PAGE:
Though National Law Universities exhibit a ‘national’ character, they are essentially state universities. There is a need to reconsider the current model of rapidly opening up new NLUs for providing quality legal education.
THE Chief Justice of India [CJI] N.V. Ramana, at the convocation ceremony of National Law University, Delhi, expressed his concerns about the concept of National Law Universities [NLUs]. He remarked – “Talking of National Law Universities, I thought it would be relevant to highlight something that I find a little troubling. The primary object behind the establishment of National Law Universities in the country was to improve the quality of legal education in the country to produce better trained legal professionals…”
The CJI raised a critical point for introspection. A discourse on NLUs must start by taking the fundamentals into account, including structuring, functioning, infrastructure, and facilities at these universities.
Of late, there seems to be some kind of race among state governments to establish NLUs. For instance, Tripura is all set to open its first NLU. At the same time, Uttar Pradesh has announced a second NLU in Prayagraj. Maharashtra has three in Mumbai, Nagpur, and Aurangabad. Moreover, Madhya Pradesh counts for two NLUs in Bhopal and Jabalpur.
Reliance on state governments and resources crunch
The NLUs are established by an Act of state legislatures. Though the name tries to exhibit a national character – these universities are solely state universities. Primarily, at the helm of these universities is the Chief Justices of either the respective State High Court or the CJI in exceptional cases, such as the National Law School Institute University, Bangalore, as Chancellors. The structure of having Chief Justices as Chancellor reduces the proximity of NLUs with political executives.
Though the name tries to exhibit a national character – these universities are solely state universities.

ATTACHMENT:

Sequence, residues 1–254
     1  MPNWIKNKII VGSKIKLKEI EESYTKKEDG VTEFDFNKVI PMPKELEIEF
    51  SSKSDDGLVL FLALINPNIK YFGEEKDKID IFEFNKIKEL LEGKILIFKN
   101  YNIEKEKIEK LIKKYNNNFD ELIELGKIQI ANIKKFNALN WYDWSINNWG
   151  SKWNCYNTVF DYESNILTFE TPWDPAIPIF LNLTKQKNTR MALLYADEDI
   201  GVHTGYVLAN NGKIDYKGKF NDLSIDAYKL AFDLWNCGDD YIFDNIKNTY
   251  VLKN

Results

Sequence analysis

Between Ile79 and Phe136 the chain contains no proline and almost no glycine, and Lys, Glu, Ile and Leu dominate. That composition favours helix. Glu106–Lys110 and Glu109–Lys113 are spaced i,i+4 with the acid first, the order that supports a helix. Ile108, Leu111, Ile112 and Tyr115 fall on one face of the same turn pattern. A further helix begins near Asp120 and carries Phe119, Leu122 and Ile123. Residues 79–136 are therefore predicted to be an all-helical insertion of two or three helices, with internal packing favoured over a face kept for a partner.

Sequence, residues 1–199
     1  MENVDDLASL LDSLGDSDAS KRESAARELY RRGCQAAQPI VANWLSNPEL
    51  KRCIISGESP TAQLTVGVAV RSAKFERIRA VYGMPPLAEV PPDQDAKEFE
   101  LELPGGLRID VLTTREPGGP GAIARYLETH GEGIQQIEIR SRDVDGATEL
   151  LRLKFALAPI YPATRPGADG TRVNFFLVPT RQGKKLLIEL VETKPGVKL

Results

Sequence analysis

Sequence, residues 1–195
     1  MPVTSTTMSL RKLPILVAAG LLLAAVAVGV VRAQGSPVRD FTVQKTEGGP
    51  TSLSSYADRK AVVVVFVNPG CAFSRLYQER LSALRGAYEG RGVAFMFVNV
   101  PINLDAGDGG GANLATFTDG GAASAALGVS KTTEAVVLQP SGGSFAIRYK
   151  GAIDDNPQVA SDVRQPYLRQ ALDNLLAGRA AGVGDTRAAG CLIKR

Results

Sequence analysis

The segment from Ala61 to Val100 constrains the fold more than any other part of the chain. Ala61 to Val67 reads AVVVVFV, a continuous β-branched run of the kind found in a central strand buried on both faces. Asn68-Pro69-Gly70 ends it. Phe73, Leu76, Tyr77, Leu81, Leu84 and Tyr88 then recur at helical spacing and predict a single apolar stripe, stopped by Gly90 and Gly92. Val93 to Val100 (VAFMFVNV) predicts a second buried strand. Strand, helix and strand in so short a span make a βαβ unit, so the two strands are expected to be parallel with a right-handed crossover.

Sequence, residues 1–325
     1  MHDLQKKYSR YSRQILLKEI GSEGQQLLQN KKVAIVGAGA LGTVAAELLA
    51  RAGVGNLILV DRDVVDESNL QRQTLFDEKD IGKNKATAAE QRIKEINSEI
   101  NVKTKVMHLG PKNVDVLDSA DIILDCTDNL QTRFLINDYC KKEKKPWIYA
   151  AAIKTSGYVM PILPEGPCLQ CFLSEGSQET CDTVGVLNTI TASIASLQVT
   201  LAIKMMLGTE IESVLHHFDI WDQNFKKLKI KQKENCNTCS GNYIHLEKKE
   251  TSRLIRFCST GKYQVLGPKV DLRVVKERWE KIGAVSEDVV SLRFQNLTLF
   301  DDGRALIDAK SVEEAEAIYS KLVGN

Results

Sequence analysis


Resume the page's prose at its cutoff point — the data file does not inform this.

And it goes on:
Now, this has both positive and negative ramifications. On a positive note – it helps to maintain the autonomous status of NLUs, giving them space for experimenting in their running without political influence. However, this explanation only looks good in theory as it may not be the case in practice always. The gulf between the NLUs and the state governments also shrinks the governments’ accountability – this means that the NLUs cannot readily count on their respective state governments for availability of funds and subsidies.
Also, NLUs have a minimal intake of students per year, with only a few courses in law, compared to other public universities that have numerous courses running. A comparison could be drawn between National Law Institute University [NLIU], Bhopal and Devi Ahilya Vishwavidayalaya [DAVV], Indore. Both the universities are state universities with a stark contrast in the number of students served. While NLIU inducts 120 students in its core course every year, with its total students roughly about 1,000, DAVV (as per its website) has a total of 10,500 students enrolled in its regular courses and another 1,000 enrolled through distance learning, with the tally going up to about three lakhs if affiliated colleges are counted. The contrast between the total numbers of students served by the universities is an impact factor for determining the political capital of such universities.
The low political capital of NLUs disinterest the governments in substantially funding or upgrading the quality of education. State governments have taken up the task of establishing multiple NLUs in states as a shining pipe dream of excellence in legal education. However, this illusion falls apart if the condition of these NLUs are scrutinised.
Newly established NLUs like Dharmashastra National Law University [DNLU], Jabalpur is a prime example – even after almost four years of its establishment, it has no permanent accommodation and is faced with a constant financial crunch – leading to an open letter written to the Chief Minister of Madhya Pradesh by the students of DNLU in February last year. In another case, the Jharkhand High Court pulled up the state for not providing regular funds to the Ranchi-based National University of Study and Research in Law. The court observed that the “government should shut down the varsity if it doesn’t want to run it.”